Community advocacy, whether by individuals or groups, is the currency of local business growth. Sure you may have that widget everyone wants, and sell a lot of them over the holidays without trying too hard - but after the holidays, and after the widget's attraction wears out - how do you get customers to continue paying attention, continue shopping at your store, continue being top of mind when customers are entering a purchasing cycle?
You're there, in the community, among your constituency, in the local news - through social media. Consider 15 minutes in your online browsing daily routine. Check local Facebook activities and groups, scan twitter a bit, search in Google for more information on interesting events or people (or something you heard on the radio), ask your friend's advice or perspective about a new restaurant. Then take a look at your email for work-related or more directed notices, and check the latest activities of some of your co-workers or business connections in LinkedIn.
If a local business has promoted or earned online some positive feedback about its active support of a local nonprofit or community initiative, chances are that someone among the 20-30 online communities you intersected this morning has seen it, commented on it, liked it, or otherwise indicated some positive interest and support. And, therefore, you should too - being far more likely to respond to a trusted source's suggestion of interest and support, than you would to a typically intrusive advertisement.
So, not only is the business attracting more positive attention by new audiences, this attention is multiplied and amplified in both predictable and unpredictable ways. This means new customers and networking partners, more representation in online searches, more clicks and sign-ups (conversions), more positive testimonials (i.e. comments, likes, stars, etc.) and – most importantly of all – actual generation of economic development benefits in terms of increased visibility and appreciation of the business community, by the rest of the community.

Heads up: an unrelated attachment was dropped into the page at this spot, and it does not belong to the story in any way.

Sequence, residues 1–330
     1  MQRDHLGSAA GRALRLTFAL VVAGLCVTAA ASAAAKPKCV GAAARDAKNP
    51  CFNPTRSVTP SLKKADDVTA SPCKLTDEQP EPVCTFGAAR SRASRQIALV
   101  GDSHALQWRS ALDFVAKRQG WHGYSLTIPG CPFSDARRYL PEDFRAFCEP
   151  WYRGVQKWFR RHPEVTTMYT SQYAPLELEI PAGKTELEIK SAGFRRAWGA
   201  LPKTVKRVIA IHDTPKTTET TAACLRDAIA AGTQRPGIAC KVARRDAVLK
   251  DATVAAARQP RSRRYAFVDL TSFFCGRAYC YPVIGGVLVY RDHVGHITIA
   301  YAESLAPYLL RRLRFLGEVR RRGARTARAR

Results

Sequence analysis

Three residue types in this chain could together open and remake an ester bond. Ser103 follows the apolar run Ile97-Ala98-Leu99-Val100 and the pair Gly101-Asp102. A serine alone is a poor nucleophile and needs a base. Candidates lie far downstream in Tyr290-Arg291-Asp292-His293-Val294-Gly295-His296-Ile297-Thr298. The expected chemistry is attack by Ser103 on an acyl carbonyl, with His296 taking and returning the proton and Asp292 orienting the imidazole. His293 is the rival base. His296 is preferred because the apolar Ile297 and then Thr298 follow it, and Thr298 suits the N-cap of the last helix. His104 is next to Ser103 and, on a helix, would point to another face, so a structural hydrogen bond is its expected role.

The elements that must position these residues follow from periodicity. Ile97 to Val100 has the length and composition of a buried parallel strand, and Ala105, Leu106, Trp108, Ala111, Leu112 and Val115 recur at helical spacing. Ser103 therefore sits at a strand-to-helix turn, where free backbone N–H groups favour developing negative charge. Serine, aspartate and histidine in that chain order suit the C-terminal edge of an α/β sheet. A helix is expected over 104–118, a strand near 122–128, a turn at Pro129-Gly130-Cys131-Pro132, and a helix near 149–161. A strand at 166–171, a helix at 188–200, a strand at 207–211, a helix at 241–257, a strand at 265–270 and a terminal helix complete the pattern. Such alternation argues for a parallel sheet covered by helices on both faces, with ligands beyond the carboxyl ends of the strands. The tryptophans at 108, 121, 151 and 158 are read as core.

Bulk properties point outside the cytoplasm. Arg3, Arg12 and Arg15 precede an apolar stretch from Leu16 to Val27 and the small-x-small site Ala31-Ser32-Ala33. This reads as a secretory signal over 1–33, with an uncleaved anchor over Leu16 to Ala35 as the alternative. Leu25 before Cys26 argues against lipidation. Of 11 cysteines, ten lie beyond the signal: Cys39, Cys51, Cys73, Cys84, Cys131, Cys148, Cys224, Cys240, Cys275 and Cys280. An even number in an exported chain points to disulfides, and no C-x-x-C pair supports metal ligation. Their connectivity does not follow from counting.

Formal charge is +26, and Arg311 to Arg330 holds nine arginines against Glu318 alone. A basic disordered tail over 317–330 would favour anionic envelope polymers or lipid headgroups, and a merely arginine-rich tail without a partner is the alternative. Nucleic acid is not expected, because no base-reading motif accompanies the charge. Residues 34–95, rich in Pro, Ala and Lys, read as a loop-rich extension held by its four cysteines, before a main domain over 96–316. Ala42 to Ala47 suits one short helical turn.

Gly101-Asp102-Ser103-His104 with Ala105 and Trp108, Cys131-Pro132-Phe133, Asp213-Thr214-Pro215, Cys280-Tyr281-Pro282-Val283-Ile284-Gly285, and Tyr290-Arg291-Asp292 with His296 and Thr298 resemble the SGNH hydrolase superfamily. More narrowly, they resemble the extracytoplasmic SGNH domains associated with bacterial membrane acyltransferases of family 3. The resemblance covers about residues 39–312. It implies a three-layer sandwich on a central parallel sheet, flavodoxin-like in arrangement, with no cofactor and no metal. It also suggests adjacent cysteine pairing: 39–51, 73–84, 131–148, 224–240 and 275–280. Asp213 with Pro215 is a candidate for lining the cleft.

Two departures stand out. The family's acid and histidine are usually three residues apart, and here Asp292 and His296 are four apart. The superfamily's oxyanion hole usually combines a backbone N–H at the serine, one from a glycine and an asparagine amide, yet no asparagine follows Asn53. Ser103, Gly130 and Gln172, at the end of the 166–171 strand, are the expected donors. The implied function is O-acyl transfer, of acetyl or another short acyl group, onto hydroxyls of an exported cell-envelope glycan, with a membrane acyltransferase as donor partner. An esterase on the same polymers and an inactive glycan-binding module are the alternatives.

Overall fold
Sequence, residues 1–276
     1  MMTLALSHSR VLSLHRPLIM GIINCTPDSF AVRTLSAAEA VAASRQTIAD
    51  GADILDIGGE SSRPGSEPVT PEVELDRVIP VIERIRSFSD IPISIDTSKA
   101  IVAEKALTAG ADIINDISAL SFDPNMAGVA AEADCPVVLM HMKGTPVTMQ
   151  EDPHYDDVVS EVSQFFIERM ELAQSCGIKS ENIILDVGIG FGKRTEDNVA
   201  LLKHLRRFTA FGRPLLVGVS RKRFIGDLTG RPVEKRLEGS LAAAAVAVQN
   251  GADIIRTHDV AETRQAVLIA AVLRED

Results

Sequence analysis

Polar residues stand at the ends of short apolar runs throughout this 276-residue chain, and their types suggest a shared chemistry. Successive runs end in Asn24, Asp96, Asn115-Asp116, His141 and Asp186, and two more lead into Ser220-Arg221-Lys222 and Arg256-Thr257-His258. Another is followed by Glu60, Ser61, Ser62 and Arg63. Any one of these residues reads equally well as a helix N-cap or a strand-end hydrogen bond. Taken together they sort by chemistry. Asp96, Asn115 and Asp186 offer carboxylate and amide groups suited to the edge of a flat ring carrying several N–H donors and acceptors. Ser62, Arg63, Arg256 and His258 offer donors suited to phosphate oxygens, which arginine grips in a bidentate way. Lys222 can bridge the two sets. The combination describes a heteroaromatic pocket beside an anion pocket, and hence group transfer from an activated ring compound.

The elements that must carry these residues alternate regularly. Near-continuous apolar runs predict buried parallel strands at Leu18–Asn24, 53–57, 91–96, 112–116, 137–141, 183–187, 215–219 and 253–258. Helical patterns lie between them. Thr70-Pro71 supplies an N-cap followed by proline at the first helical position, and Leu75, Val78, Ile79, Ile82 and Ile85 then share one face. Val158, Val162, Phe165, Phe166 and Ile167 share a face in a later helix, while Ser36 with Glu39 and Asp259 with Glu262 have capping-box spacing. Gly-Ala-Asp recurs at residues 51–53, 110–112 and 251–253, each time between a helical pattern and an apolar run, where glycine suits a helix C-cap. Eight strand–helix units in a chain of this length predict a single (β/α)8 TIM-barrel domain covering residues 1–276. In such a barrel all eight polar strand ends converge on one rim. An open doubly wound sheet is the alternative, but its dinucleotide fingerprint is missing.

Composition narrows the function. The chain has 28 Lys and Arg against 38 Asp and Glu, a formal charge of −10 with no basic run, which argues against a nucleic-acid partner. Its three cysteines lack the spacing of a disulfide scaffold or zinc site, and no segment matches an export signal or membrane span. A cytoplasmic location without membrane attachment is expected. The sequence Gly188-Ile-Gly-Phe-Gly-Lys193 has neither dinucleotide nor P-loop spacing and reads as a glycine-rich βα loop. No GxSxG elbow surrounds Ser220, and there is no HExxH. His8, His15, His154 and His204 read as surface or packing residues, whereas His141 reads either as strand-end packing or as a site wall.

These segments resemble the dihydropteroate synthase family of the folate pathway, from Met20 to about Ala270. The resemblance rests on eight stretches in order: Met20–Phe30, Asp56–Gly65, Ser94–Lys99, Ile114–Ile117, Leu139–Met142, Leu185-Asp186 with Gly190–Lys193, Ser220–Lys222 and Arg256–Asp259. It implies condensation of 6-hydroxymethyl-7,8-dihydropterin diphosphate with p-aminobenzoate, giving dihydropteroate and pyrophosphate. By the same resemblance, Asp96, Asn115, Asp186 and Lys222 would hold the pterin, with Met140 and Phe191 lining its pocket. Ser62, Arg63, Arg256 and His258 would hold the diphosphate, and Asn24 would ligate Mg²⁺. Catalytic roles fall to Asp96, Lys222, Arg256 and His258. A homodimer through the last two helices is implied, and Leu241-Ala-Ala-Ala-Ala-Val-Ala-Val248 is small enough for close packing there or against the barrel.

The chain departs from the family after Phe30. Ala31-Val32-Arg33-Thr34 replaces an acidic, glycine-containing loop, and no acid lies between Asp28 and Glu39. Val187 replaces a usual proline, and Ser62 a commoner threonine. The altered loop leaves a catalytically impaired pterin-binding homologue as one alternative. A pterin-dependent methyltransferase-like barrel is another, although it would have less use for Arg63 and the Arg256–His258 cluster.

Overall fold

Take a look around your online communities – which businesses are active, helping, engaged with those communities you and your network support? KME.Digital for example, has done this a lot – helping organizations like 100WomenStrong.com, volunteering on the Economic Development Advisory Commission and NVTC committees, providing internships and career guidance to local students. It’s a force multiplier; so many more people are finding about our brand, our services and of course our community support, through a multitude of local social media channels – some of which we manage, most of which we don’t. Our whole local economy benefits – our employees, our partners, our own clients and local business community.
Let’s all get involved, be social and amplify our partner communities online.
By: Kelly McLaughlan, CEO, KME Digital and Panelist for Community Engagement Series Grow Your Business - Using Social Media